Read your colleagues and make it known that you’re happy to get stuck in and help people out when needed.

But most of all, enjoy it.

– A

Hackney Dog Kennels

For this week’s newsday, my group and I went to investigate Hackney’s new dog kennels.

This week Hackney council opened ten new kennels, providing extra shelter for the borough’s stray and abandoned dogs this winter.

With spaces for up to two hundred and fifty dogs, this should make a real difference to our furry friends during the festive season.

Mollie Malone reports.

 

Reporter: Mollie Malone

Producers: Ashna Hurynag & Barnaby Fry

@CityNewsLDN

Reporting for City News

“Ashna Hurynag. City News”

As part of my journalism course, every Thursday we make an as-live news programme called ‘City News’.

Yesterday, I joined up with two other peers to form our mini news squad. Our task was to go out and fetch a story in order to build a television news package to fit into the live show.

Interviewing

Interviewing

We decided to pursue the story of Camden Council launching a new petition to get fairer compensation for residents of the Borough who’s housing will be affected by the new High Speed 2 railway line.

With some luck, raw journalistic talent and haphazard FCP editing skills, here’s what came of our newsgathering.

Enjoy!

Too nice to work in TV?

Next week I’m due to start a postgraduate course wherein I will be thrust into the world of Television and Radio Journalism. My naturally kind deposition has often been pointed out to me as a negative, hence my interest in this post. People in the industry have advised that I may need to ‘toughen up’ and shouldn’t ‘play nice’ in the journalistic field. Now, I know I may need to work hard and fight for opportunities as a young journalist breaking into a competitive field – but I really don’t see the need to be ruthless cow.

This blog is profound in it’s advice and wisdom, so thank you Simon Wright!

You'd better work

Have you ever been sat in a work meeting or in the process of employing someone when the phrase, ” but he/she is too nice” has been thrown out. When this is mentioned it usually means there will be a problem. Being “too nice” is seen particularly in television as a weakness. In order to succeed you need to be tough, ruthless and determined, but can’t you succeed and be a thoroughly nice decent human being too? Are they mutually exclusive? When people are “too nice” it’s often felt that they would be walked over, taken advantage of, not taken seriously. Well actually teams in my experience tend to respond better to honesty, kindness, openness and knowing what they can and can’t do. Being “too nice” doesn’t mean letting people run riot but actually pointing it out to them when they do and explaining how they will be perceived and…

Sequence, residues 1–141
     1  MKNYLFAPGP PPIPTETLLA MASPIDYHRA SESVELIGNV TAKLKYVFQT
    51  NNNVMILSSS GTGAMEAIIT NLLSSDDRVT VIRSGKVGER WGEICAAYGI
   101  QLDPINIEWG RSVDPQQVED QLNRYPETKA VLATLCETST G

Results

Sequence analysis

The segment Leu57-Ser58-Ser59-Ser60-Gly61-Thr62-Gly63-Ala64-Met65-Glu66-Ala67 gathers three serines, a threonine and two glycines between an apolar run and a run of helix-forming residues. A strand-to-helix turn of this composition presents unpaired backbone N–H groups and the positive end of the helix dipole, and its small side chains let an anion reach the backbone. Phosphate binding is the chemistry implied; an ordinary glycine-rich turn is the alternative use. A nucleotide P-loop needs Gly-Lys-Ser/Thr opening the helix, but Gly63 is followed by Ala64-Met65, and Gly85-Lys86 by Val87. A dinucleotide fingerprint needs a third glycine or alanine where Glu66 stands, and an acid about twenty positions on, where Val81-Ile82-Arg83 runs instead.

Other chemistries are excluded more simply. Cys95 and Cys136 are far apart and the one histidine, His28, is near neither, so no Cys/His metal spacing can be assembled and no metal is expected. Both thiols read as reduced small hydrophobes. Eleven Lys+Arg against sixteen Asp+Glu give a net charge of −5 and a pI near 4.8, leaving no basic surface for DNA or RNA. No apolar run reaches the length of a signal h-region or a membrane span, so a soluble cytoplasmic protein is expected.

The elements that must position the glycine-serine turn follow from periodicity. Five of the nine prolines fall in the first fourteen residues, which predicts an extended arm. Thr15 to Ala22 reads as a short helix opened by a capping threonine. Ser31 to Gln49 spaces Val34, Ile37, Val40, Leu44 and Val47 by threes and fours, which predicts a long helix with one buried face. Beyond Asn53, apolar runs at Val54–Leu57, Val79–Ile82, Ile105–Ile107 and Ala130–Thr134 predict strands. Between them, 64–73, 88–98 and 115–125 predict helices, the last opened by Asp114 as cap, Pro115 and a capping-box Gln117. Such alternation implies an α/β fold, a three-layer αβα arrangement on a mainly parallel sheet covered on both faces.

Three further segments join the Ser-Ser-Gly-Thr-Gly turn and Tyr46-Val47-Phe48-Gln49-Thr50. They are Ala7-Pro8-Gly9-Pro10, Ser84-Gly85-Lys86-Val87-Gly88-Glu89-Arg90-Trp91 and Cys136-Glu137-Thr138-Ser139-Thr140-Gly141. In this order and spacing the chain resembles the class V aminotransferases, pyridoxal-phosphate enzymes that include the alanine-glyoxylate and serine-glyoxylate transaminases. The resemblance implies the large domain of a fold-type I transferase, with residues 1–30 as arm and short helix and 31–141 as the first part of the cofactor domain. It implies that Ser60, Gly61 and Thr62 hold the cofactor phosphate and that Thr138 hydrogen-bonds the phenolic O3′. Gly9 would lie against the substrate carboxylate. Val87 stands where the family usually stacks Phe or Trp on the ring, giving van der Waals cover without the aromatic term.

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What has the entertainment industry done to us?

Food for thought

This time last week I spent the whole day giddy with excitement awaiting the MTV Video Music Awards 2014 – was that because I was attending the prolific event, ready to walk the red carpet and eagerly anticipating sitting in the grand Forum in Inglewood, CA rubbing shoulders with the likes of Nicki Minaj and Ed Sheeran?

No, no it wasn’t.

I was in fact just so overcome with excitement purely about watching the awards on television.

Shamefully, I squealed as Beyonce, Jay-Z popped onto the screen, and found myself taken in by the illustrious array of musical talent that was on display.

It was as if I was on a high from the moment it started till right at the end of the show and found my adrenaline furiously pumping – but why? It was bizarre, and from inspecting Twitter, it seems I was not alone.

We’ve turned into leeches feeding off the gossip, glamour and gaudiness of celebrity pop culture.

Why has celebrity culture involved us so? And why are we obsessed or addicted to their lives?

These are questions which have been asked again and again, and people are often quick to blame the media for over-advertising celebrities’ impossible ideals.

How has the world of celebrity become such an investment?

It sickens me to see the amount of money that has gone into surgery enhancements and beauty modifications.

But I’m a hypocrite.

I adore make-up just as much as the next ‘girly’ girl, and would love to have longer eyelashes and whiter teeth. However, I’m fully aware that I crave these adjustments to my appearance in an effort to look more ‘beautiful’ – just like these ‘beautiful’ celebrities we see on screen and in magazines.

There’s undoubtable pressure to look a certain way – this is wrong. But sadly we live in a fickle society of judgement. And despite Beyoncé’s attempt to tell me that ‘I’m beautiful the way I am‘, I can help watching her perform and like every other Yoncé fangirl wailing: ‘I just want to be her!’

If only I were 5 years old again, when I hadn’t a clue what mascara was, and when I would never think to put any pink gunk in my hair for added ‘volume’.